Jeffrey Munroe and Nicholas Wolterstorff: ‘A book so meaningful, strangers tell others to read it’

Jeffrey Munroe (right) with Nicholas and Claire Wolterstorff

EDITOR’S NOTE: “It’s a book so meaningful, strangers tell others to read it.” In 17 years of publishing books, we can tell you: That’s the highest praise an author can aspire to earn. Since our founding in 2007, our authors have shared our mission: “Good media builds healthy community.” That happens when strangers feel compelled to spread the good news to others. Jeff Munroe’s new book, Telling Stories in the Dark, is receiving that valuable word of mouth. In this column, Jeff writes about one of his mentors who impressed him in this same way.

Meeting an author whose life and books have shaped my own

Author of Telling Stories in the Dark

Sometime in the 1980s, I attended a discussion about dismantling Apartheid, the South African system of discrimination and segregation that allowed a non-White minority to rule that country. One of the speakers was Nicholas Wolterstorff, a professor of philosophy at Yale University. Wolterstorff was joined by Alan Boesak, President of the World Alliance of Reformed Churches, a black South African who had very few civil rights in his own country. Their conversation was enthralling, and after the event I walked into a pop-up store that featured books by the authors.

Nicholas Wolterstorff’s books were on topics like art and aesthetics, reason and religion, and justice and peace. I suspected they were beyond me. (No one was going to suggest I study philosophy at Yale.)

Amid these weighty tomes, there was a small book called Lament for a Son. When I picked it up, a stranger leaned over and said, “Oh, you’ve got to read that one.” As I experienced, it’s a book so meaningful strangers tell others to read it.

Wolterstorff had lost a son in a climbing accident a couple of years earlier. Lament for a Son was a full-throated cry of anguish, sorrow, and grief. I took it home, read it in a day, and then read it again. I’ve read it five or six times since—it’s one of those books I keep returning to. There is great comfort in Wolterstorff’s words. He hadn’t put aside his great intellect to write the book, but there was nothing academic or intellectual in an off-putting way about it. It was thoroughly human and riveting and it is a book I treasure.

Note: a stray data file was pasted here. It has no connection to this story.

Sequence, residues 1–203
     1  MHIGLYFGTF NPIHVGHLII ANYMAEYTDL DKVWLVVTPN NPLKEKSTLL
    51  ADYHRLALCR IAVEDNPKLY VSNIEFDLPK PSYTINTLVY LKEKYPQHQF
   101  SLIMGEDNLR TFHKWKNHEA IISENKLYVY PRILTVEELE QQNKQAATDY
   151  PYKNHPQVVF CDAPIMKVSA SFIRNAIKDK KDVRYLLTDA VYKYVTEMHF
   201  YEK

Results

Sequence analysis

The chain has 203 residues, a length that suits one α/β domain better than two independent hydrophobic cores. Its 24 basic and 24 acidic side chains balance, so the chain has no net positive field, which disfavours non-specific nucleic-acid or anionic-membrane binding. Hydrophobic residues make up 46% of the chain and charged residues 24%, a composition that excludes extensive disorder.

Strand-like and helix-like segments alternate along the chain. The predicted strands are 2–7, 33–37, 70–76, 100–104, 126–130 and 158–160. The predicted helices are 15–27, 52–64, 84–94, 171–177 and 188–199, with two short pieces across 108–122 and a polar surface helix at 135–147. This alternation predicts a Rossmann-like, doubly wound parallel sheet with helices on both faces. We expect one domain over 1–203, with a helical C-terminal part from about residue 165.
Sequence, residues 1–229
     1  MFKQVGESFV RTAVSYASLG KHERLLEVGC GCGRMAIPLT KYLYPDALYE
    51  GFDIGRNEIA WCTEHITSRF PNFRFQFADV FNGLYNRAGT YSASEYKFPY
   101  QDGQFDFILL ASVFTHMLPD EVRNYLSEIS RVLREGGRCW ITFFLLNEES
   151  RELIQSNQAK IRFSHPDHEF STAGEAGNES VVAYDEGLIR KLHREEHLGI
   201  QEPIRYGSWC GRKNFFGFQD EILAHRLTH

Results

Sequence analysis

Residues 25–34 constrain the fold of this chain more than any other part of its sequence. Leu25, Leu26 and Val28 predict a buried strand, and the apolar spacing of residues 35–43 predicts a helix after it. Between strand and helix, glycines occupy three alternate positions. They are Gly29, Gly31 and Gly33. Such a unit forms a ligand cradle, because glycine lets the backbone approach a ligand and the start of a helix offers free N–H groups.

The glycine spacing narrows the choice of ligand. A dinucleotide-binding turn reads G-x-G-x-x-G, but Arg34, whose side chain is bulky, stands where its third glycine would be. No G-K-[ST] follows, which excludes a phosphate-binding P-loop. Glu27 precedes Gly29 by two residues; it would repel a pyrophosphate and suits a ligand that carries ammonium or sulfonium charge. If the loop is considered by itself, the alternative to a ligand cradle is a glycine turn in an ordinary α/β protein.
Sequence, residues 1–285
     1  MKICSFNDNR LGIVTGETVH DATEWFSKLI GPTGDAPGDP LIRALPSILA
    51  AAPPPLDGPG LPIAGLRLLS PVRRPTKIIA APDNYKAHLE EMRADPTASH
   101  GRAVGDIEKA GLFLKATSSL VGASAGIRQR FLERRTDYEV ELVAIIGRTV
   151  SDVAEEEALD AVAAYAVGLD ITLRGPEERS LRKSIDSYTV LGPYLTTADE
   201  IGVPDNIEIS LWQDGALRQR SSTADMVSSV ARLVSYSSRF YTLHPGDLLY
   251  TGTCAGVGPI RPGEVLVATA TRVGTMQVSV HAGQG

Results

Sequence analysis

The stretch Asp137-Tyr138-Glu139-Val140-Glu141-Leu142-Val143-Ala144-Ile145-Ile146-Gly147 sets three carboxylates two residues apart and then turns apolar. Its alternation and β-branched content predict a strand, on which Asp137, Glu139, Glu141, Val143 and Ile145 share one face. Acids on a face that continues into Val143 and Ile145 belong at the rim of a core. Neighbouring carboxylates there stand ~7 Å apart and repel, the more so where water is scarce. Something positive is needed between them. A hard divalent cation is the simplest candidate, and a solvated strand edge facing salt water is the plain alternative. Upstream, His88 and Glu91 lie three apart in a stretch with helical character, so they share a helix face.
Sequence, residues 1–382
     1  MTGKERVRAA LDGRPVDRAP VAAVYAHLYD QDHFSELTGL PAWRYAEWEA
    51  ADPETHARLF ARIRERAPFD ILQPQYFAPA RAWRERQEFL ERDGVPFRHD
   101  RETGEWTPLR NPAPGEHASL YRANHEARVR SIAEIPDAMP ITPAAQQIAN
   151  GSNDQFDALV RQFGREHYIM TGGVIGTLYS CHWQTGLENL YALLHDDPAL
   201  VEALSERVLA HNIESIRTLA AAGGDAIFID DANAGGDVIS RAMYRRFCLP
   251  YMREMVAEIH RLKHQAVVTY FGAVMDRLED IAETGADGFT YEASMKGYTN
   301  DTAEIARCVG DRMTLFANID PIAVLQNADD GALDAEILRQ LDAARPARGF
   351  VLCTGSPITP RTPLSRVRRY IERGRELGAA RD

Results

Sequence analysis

Fast-forward more than 30 years: As I was working on my book Telling Stories in the Dark, a book about people who have not only faced great loss but have done something redemptive with their loss, I thought of Nicholas Wolterstorff. I wondered if I might interview him for my book. I knew he was about 90, but had a mutual friend who told me Wolterstorff was still at the top of his game. I asked the friend if he would introduce us through email, and, as it turned out, Wolterstorff was happy to talk with me and be in my book.

The pandemic was winding down, so I used Zoom for the interview, which also gave me an easy way to record our conversation. The first thing the distinguished Professor Nicholas Wolterstorff did was insist I call him Nick. Then he mesmerized me as he spoke not only about the loss of his son but of living with this loss for decades. I knew our conversation was going to be very helpful for others.

When the interview ended, I shut down Zoom and waited for my computer to tell me it was storing the recording. Nothing happened. After a few moments of panic, I realized I was so excited about interviewing Nick—I had never hit the “record” button. (I might have said one or two bad words at this point.)

I quickly wrote down everything I could remember—thankfully, I had my list of questions, so used that as an outline. Then I decided the only thing to do was come clean. I decided to go back to him, tell the truth (leaving out the part about messing up because I was nervous about talking to one of the gods on Mt. Olympus), and hope for the best.

He was incredibly gracious. He offered to do the interview again, and also offered to send me some additional things he’d written as background. I used what he sent, augmented my notes, and then sent what I had to him.

He wrote back almost immediately, gave me a few corrections, and told me it was “excellent.” (For a second, I thought maybe I should have studied philosophy at Yale after all.)

I am profoundly grateful that we know each other. Nicholas Wolterstorff is one of our most distinguished philosophers. He has been invited to lecture at virtually every prestigious university in the world. Yet the other day, when I visited his church to lead an adult education class on sorrow and grief, he not only welcomed me enthusiastically—he walked me through the large building so I arrived where I needed to be.

He and his wife sat in my class and expressed gratitude that I had told their story well. His humility and authenticity are remarkable.

And so is his story, which I am exceedingly proud makes up Chapter 9 of Telling Stories in the Dark.

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